Post # 76
I think a lot of people are overreacting, an 11 year old is more than capable of watching over a baby for a few minutes. As for people saying they could have been abducted, so you’re telling me you don’t think an 11 year old should be allowed anywhere unsupervised? They’re not allowed to play outside with their friends in case they’re abducted?
Kids are probably in more danger going on the internet unsupervised than sat in a car outside a store for a few minutes, let’s be realistic. At 11 years old most kids are walking to school alone and playing with friends in the street etc., spending a few minutes in a car with their baby brother/sister while Mum pops in the shop is not neglect.
Post # 77
- Wedding: September 2017 - Pearson Convention Centre
I agree with you an 11 year old us capable of watching a baby for a few minutes or even up to an hour, that’s not the point the point here is she left two children in a car that is illegal
Post # 78
No way. I think you’re crazy to leave your kids in the car.
Post # 79
If this woman does not call the police to report you, consider yourself extremely lucky because I surely would have.
Post # 80
I don’t think you did anything terrible bee. I can see how in the moment, with your 11 yr old saying they didn’t want to go into the store and the cranky baby, you just decided to leave them for a couple min in clear view of where you were. Clearly you feel bad about it and learned your lesson so I don’t see the point in making you feel any worse!
That said I agree with pp’s that the woman who checked up on your kids was 100% right to do so. I would have done the same. There are just too many tragic stories about kids being forgotten in cars. Thank god your story had no chance of ending that way, but there’s no way the woman would have known that if she hadn’t checked.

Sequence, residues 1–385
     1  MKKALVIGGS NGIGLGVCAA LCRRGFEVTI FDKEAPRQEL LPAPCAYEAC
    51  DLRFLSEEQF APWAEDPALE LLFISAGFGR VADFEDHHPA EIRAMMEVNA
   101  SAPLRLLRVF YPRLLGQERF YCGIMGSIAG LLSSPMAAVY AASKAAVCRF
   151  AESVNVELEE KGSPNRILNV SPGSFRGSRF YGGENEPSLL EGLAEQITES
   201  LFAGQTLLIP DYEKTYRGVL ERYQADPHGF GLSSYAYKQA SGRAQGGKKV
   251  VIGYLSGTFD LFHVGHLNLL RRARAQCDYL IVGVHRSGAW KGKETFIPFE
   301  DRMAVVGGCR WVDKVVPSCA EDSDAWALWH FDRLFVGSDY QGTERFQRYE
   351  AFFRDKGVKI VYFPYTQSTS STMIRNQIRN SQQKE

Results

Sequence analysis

Post # 81
From a legal perspective, I suspect that would be very much dependent on where you live. For example, where I am, there is no official age at which it magically becomes legal to leave a child alone. The law has specifically left that point vague, since it can vary wildly from one child to another.
From a personal point of view, I would say it depends on the maturity level of your 11 year old. Some kids at that age would be completely capable of watching a younger sibling and in that case I would be comfortable doing what you did, others might not be and I wouldn’t risk it. You know your kids, you know what your particular 11 year old is and is not capable of.
Post # 82
I’ll say this. For me personally it’s not so much about them being abducted. My concern would be that adults aren’t always able to recognize the signs of a baby overheating, so I’m not sure I’d trust an 11yo to do so. If it took longer than anticipated, or the baby was say already warm, I’d be worried that their sibling might not know enough to know what to do, etc. For me that would be why I wouldn’t be comfortable doing it.
Post # 83